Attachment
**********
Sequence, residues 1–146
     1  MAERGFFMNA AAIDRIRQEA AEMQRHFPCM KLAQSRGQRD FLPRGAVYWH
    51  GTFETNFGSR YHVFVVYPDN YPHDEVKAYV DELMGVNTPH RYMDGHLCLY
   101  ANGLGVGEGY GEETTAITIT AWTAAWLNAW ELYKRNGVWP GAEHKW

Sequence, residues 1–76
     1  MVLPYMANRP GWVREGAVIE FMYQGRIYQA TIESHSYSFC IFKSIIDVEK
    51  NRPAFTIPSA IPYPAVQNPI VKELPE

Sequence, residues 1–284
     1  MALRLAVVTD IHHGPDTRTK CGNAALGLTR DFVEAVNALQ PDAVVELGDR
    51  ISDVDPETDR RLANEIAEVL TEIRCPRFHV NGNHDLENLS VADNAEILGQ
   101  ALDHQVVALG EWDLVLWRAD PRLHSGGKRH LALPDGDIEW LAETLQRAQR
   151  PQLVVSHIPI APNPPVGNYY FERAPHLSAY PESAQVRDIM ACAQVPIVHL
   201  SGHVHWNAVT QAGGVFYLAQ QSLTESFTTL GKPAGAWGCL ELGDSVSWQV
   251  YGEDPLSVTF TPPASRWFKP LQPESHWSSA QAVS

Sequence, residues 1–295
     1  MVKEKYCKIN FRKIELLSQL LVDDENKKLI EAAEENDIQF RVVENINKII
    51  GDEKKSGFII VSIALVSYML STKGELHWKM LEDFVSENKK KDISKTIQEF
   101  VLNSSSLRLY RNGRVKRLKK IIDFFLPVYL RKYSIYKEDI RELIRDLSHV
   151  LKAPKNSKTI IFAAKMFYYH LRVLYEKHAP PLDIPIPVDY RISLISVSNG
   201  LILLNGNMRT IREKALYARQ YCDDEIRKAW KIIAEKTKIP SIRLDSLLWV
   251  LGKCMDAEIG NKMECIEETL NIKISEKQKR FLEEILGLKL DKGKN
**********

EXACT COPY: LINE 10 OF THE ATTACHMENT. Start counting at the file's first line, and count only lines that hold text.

    51  ISDVDPETDR RLANEIAEVL TEIRCPRFHV NGNHDLENLS VADNAEILGQ